Thanks for taking the time to email me, and especially registering here! All of the attached DMP files are of the CRITICAL_STRUCTURE_CORRUPTION (109)
This indicates that the kernel has detected critical kernel code or data corruption.
There are generally two causes for this bug check:
- A driver has inadvertently, or deliberately, modified critical kernel code or data. Microsoft Windows Server 2003 with Service Pack 1 (SP1) and later versions of Windows for x64-based computers do not allow the kernel to be patched except through authorized Microsoft-originated hot patches. For more information, see Patching Policy for x64-based Systems.
- A hardware corruption occurred. For example, the kernel code or data could have been stored in memory that failed.
I believe I see what's going on here, and that's likely there's a conflict occurring between avast! and SUPERAntiSpyware and it's causing corruption. With this said, let's go ahead and remove and replace both software with Windows 8's built-in Windows Defender:
avast! removal tool - avast! Uninstall Utility | Download aswClear for avast! Removal
SAS removal - SUPERAntiSpyware FAQ - How do I uninstall SUPERAntiSpyware?
^^ After both of the above, enable Windows Defender last - Windows Defender - Turn On or Off in Windows 8
If you're crashing after all of the above, please go ahead and enable Driver Verifier:
What is Driver Verifier?
Driver Verifier is included in Windows 8, 7, Windows Server 2008 R2, Windows Vista, Windows Server 2008, Windows 2000, Windows XP, and Windows Server 2003 to promote stability and reliability; you can use this tool to troubleshoot driver issues. Windows kernel-mode components can cause system corruption or system failures as a result of an improperly written driver, such as an earlier version of a Windows Driver Model (WDM) driver.
Essentially, if there's a 3rd party driver believed to be at issue, enabling Driver Verifier will help flush out the rogue driver if it detects a violation.
Before enabling Driver Verifier, it is recommended to create a System Restore Point:
Vista - START | type rstrui - create a restore point
Windows 7 - START | type create | select "Create a Restore Point"
Windows 8 - Restore Point - Create in Windows 8
How to enable Driver Verifier:
Start > type "verifier" without the quotes > Select the following options -
1. Select - "Create custom settings (for code developers)"
2. Select - "Select individual settings from a full list"
3. Check the following boxes -
- Special Pool
- Pool Tracking
- Force IRQL Checking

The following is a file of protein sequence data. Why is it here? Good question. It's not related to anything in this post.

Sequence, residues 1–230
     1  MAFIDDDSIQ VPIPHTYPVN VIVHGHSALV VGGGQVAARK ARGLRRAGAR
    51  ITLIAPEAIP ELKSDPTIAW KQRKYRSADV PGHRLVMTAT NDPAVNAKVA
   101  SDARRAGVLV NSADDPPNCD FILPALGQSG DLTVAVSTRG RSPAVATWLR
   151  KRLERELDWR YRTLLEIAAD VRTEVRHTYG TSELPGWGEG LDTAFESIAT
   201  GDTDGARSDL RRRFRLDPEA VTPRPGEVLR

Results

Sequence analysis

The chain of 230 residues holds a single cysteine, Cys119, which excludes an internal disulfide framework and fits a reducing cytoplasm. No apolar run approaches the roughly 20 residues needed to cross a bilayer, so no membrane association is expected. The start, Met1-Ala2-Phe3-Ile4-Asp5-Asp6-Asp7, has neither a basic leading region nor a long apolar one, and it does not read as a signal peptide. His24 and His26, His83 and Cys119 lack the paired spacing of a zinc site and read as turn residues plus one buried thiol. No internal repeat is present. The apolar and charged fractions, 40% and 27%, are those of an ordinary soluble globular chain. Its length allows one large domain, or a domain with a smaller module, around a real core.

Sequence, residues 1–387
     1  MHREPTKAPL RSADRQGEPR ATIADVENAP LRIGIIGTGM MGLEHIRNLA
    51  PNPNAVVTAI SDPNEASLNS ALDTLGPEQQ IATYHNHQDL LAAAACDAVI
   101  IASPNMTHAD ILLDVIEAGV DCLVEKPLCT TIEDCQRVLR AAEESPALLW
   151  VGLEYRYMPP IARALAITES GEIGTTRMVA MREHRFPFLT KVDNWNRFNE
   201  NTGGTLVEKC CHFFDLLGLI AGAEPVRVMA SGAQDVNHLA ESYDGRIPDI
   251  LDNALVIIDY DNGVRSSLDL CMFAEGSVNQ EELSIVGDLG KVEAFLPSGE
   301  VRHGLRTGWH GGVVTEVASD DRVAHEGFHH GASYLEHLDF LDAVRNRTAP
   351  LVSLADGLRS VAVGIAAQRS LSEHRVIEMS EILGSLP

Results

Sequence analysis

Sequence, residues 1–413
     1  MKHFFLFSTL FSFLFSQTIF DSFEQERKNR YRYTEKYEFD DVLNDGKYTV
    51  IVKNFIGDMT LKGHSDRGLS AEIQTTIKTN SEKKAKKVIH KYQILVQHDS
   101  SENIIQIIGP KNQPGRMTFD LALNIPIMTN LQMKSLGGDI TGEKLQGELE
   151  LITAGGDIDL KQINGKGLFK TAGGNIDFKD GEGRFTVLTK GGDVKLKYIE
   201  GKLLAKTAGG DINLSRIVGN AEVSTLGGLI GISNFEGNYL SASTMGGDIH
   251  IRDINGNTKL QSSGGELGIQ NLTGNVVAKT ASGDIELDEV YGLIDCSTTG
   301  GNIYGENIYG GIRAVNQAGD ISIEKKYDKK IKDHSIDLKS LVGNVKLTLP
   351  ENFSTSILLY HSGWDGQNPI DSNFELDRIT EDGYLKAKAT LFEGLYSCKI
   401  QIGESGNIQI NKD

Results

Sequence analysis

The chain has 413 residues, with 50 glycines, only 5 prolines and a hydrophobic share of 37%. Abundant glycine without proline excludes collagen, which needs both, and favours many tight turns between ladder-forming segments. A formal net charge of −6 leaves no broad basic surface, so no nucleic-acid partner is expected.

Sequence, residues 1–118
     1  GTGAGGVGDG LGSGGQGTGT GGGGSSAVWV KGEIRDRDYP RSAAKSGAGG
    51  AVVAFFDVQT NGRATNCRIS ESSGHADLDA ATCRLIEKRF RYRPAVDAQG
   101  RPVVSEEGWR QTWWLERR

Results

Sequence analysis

- Deadlock Detection
- Security Checks (Windows 7 & 8)
- DDI compliance checking (Windows 8)
- Miscellaneous Checks
4. Select - "Select driver names from a list"
5. Click on the "Provider" tab. This will sort all of the drivers by the provider.
6. Check EVERY box that is NOT
provided by Microsoft / Microsoft Corporation.
7. Click on Finish.
Important information regarding Driver Verifier:
- If Driver Verifier finds a violation, the system will BSOD.
- After enabling Driver Verifier and restarting the system, depending on the culprit, if for example the driver is on start-up, you may not be able to get back into normal Windows because Driver Verifier will flag it, and as stated above, that will cause / force a BSOD.
If this happens, do not
panic, do the following:
- Boot into Safe Mode by repeatedly tapping the F8 key during boot-up.
- Once in Safe Mode - Start > type "system restore" without the quotes.
- Choose the restore point you created earlier.
If you did not set up a restore point, do not worry, you can still disable Driver Verifier to get back into normal Windows:
- Start > Search > type "cmd" without the quotes.
- To turn off Driver Verifier, type in cmd "verifier /reset" without the quotes.
・ Restart and boot into normal Windows.
How long should I keep Driver Verifier enabled for?
It varies, many experts and analysts have different recommendations. Personally, I recommend keeping it enabled for at least 24 hours. If you don't BSOD by then, disable Driver Verifier.
My system BSOD'd, where can I find the crash dumps?
They will be located in %systemroot%\Minidump
Any other questions can most likely be answered by this article:
Using Driver Verifier to identify issues with Windows drivers for advanced users